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Anda Union brings singular sound, experience to Savannah Music Festival
The unique and groundbreaking group of 'musical gatherers' come to town

Anda Union @Savannah Music Festival

Wed., April 10, and Thurs., April 11, 12:30 P.M., $42 / Charles H. Morris Center

FOR nearly two decades, Anda Union has been bringing the best of Mongolian musical traditions to the forefront in the modern world of the arts and blending it with the members’ own individual styles and backgrounds to create something truly singular.

Known to describe themselves as “musical gatherers,” the band is truly a fusion of traditions from both Inner and Outer Mongolia.

Their captivating sound is something manager Tim Pearce is intimately familiar with, as he’s spent the last 13 years with them while they travel all over the world with their critically-acclaimed work.

“The Mongolians are actually made up of lots of different tribes,” Pearce tells Connect.

“There are many different costumes and different clothing, and different music as well. Genghis Khan united the warring tribes - his tribe was Mongol, but he called everyone Mongol. They retained the own identities of their own tribes as well, however. Which I think is one of the reasons why there’s such a richness to the music.”

The members of Anda Union not only draw from their own tribes and histories for inspiration, but from other sources of Mongolian music as well.

“There are a lot of Mongolians in Xinjiang, for example. Which is a Western province in China where the Uyghurs are the majority. A lot of great songs come from there, too,” Pearce says.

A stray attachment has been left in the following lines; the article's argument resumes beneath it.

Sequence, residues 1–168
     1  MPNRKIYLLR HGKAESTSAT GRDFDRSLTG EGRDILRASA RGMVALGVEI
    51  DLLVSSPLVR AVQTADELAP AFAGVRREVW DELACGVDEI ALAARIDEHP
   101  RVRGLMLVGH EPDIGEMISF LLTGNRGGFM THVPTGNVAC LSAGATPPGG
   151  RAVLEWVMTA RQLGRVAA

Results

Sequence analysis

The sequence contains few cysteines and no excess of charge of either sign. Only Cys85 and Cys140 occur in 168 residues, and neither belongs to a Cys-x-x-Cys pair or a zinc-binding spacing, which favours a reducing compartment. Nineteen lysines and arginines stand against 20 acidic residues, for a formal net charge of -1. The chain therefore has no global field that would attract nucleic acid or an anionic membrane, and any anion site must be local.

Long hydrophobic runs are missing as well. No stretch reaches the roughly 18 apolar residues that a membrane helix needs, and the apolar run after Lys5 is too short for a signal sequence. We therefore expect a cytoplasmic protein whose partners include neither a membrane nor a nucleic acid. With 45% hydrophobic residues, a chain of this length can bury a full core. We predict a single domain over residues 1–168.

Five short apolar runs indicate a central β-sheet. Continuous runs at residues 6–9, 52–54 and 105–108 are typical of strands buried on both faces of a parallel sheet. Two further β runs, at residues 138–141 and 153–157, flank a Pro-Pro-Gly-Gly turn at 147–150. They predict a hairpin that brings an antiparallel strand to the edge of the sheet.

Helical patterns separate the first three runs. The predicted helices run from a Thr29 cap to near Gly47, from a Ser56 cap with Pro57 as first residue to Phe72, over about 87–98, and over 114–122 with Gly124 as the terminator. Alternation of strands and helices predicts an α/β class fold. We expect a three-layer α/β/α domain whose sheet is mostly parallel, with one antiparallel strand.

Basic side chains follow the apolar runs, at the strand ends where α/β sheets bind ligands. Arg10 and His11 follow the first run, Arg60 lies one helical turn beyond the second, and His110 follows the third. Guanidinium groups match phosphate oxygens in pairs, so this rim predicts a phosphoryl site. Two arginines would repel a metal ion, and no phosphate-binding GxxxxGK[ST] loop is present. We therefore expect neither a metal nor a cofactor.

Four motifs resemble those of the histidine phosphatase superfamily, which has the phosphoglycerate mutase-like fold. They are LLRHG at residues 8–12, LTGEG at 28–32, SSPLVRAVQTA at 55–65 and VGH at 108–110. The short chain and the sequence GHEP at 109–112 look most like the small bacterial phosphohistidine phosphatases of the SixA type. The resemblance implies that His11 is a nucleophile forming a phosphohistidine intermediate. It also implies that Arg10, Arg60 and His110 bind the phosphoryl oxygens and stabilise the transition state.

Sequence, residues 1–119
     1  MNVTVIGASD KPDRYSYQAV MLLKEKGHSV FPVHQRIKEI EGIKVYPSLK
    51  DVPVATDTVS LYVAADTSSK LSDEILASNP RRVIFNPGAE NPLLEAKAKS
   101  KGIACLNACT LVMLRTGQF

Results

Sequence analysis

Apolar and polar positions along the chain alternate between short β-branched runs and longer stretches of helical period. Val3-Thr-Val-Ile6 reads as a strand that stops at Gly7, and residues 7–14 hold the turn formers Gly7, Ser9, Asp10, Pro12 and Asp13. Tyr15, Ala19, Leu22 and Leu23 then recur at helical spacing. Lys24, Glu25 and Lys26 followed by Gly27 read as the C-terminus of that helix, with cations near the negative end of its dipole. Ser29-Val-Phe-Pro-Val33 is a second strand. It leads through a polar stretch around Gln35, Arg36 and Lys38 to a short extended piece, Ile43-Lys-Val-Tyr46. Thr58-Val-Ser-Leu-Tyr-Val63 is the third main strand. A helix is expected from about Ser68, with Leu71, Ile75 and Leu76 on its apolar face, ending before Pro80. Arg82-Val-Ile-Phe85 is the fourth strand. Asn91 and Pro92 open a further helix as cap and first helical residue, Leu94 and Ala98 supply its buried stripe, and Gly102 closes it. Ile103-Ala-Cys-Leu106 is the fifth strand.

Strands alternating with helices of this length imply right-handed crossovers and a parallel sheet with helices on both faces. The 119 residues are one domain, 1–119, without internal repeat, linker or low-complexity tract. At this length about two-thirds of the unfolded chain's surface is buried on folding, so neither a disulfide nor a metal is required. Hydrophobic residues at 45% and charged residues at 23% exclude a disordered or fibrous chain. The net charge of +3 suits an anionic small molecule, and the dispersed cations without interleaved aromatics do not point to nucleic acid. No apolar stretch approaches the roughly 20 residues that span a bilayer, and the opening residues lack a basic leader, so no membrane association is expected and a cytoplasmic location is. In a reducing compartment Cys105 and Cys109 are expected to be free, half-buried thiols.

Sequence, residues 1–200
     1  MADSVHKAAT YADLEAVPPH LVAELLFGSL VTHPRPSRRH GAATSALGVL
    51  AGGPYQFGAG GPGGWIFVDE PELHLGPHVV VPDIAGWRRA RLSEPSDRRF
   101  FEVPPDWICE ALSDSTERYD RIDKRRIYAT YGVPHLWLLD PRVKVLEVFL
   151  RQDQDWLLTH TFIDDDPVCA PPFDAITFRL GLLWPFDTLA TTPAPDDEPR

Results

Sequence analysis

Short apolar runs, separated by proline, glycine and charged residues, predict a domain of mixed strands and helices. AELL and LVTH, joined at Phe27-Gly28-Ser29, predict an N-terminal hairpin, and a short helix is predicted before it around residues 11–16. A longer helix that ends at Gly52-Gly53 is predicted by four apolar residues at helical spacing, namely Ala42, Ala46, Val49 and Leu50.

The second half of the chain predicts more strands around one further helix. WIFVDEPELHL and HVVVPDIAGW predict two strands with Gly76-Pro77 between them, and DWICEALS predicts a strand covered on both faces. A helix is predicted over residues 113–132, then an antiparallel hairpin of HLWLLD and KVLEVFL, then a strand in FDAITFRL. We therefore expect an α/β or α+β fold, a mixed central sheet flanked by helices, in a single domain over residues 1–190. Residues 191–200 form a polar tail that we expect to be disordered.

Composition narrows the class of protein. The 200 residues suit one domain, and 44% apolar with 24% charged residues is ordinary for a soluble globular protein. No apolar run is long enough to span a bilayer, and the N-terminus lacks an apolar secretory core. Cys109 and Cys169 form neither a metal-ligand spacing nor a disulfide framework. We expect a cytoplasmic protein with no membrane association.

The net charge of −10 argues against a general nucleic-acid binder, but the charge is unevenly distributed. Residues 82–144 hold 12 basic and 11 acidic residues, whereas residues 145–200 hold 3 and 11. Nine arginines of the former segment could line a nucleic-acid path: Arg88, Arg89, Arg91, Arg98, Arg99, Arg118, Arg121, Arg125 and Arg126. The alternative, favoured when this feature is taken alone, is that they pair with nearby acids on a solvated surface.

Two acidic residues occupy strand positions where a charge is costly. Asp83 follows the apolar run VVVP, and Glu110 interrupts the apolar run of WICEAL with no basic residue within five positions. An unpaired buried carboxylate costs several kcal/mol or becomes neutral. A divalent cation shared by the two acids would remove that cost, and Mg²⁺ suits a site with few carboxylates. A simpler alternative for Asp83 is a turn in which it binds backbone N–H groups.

Anda Union’s music has been wholly embraced throughout North America over the span of their career, allowing the group to tour regularly in our part of the world. Pearce attributes that, in part, to some cultural similarities.

“America has a very strong culture of horses and outdoor spaces. That’s the Mongolian culture - it’s all about horses and all about the grasslands. When we’ve reached out to redneck cowboys in Kansas and in the prairies, they fall in love with the band. And the liberal arts centers couldn’t ever imagine these people coming through their doors,” he says with a laugh.

“It’s interesting, that universality. Music does bridge all of these sort of political divides. We find that most places we go, we get a great reaction. But in America it’s fantastic. We were in New Mexico recently, which is interesting given the connection to Native American communities. It’s always difficult to reach out to teenagers, but we find a lot of Native American kids who are quite suspicious of this stuff. So we always look to do as much work as we can with Native American communities as we travel.”

Music is fairly ingrained in the Mongolian culture, as Pearce explains that it’s a culture with strong oral traditions. That means that music has been a central part of the lives of Anda Union’s many members.

“All the stories and songs are passed down from generation to generation. They have a very strong sense that if one generation doesn’t pass those songs on, they’re gone. It’s not like they’re written down. So this music is just there, all the time,” he says.

“The arts university in Hohhot, which is the capital of Inner Mongolia, has got a department which is now Anda Union’s department. They’re teaching kids to develop their own styles and keep this music going. They want young people to be involved. They’re teaching a degree course, and all the band are lecturers.”